Discussion:
Default on failure dependencies
(too old to reply)
Baudouin Feildel
2018-09-15 20:32:45 UTC
Permalink
Hello there,

Few weeks ago I opened the following issue in systemd repository:
https://github.com/systemd/systemd/issues/9373. Seeing no traction from
existing systemd developer, I decided to give it a try and started
working on the feature I wanted in the following fork:
https://github.com/AMDG2/systemd/tree/wip-feature-default-on-failure.

I have the following problems/questions:

- I don't know how to load properly the default on failure dependencies
- I don't know which kind of tests I should write, nor how to write them

About the loading of the default on failure dependencies, I am not sure
I should reproduce what is done when the unit is loading its own
dependencies. Will pid1 be able to load units when parsing the manager
config file?

I could also just keep the list as it is (just a list of string) and
lazy load the unit on the first time they are needed, but is it worth it?

What is your suggestion on the best time and way to load the default on
failure dependency list?

About the test i didn't find documentation on how to write a new test,
which part of a PR should be tested. Does such documentation exists?

Thank you for your help!

Kind regards
Baudouin FEILDEL
Baudouin Feildel
2018-10-01 12:12:21 UTC
Permalink
15 septembre 2018 22:32 "Baudouin Feildel" <***@feildel.fr> a écrit:

> Hello there,
>
> Few weeks ago I opened the following issue in systemd repository:
> https://github.com/systemd/systemd/issues/9373. Seeing no traction from
> existing systemd developer, I decided to give it a try and started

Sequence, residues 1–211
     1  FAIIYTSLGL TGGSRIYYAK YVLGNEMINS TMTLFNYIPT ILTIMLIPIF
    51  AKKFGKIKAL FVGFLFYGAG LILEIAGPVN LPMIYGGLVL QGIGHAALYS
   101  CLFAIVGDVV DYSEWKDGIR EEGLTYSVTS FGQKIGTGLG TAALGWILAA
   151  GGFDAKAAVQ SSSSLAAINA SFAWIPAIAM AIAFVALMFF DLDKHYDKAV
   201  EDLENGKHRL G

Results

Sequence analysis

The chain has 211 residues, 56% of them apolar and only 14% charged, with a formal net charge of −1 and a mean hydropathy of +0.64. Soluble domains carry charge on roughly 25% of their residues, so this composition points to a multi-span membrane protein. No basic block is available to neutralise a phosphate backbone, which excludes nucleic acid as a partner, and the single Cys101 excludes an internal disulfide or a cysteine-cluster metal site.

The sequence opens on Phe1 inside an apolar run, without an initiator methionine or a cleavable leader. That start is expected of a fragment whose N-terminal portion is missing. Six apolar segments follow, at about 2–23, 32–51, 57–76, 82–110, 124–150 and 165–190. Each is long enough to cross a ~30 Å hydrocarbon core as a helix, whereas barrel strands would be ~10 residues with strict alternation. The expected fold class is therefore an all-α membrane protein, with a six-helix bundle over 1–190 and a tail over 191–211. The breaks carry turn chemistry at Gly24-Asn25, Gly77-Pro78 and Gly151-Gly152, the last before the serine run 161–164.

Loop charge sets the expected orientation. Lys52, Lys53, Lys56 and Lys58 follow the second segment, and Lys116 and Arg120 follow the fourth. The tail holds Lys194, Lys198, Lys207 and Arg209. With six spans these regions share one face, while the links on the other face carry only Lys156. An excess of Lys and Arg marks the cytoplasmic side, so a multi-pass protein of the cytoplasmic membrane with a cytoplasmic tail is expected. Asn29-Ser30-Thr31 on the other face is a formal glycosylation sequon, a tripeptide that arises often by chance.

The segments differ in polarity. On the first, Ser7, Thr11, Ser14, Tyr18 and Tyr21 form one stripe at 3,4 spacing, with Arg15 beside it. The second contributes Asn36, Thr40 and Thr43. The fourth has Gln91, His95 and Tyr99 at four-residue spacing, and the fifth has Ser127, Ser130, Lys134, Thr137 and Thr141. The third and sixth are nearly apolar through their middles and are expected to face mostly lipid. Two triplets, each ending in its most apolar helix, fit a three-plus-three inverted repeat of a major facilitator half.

> working on the feature I wanted in the following fork:
> https://github.com/AMDG2/systemd/tree/wip-feature-default-on-failure.
>
> I have the following problems/questions:
>
> - I don't know how to load properly the default on failure dependencies
> - I don't know which kind of tests I should write, nor how to write them
>
> About the loading of the default on failure dependencies, I am not sure
> I should reproduce what is done when the unit is loading its own
> dependencies. Will pid1 be able to load units when parsing the manager
> config file?
>
> I could also just keep the list as it is (just a list of string) and
> lazy load the unit on the first time they are needed, but is it worth it?
>
> What is your suggestion on the best time and way to load the default on
> failure dependency list?
>
> About the test i didn't find documentation on how to write a new test,
> which part of a PR should be tested. Does such documentation exists?
>
> Thank you for your help!
>
> Kind regards
> Baudouin FEILDEL


Hello,

Any thinking on this topic ?

Regards
Baudouin
Lennart Poettering
2018-10-05 17:52:53 UTC
Permalink
On Sa, 15.09.18 22:32, Baudouin Feildel (***@feildel.fr) wrote:

(Sorry for not responding more timely, I have been travelling and am
still catching up with all the email)

> Hello there,
>
> Few weeks ago I opened the following issue in systemd repository:
> https://github.com/systemd/systemd/issues/9373. Seeing no traction from
> existing systemd developer,

Hmm, so, I figure we should have a discussion whether this really is
desirable first, because I am not too sure about that I must say.

So far we are very conservative when it comes to options that are
supposed to affect all units at once, as that tends to create various
problems that are not obvious to solve. For example, if every service
gets this kind of dep, what about the units that these deps are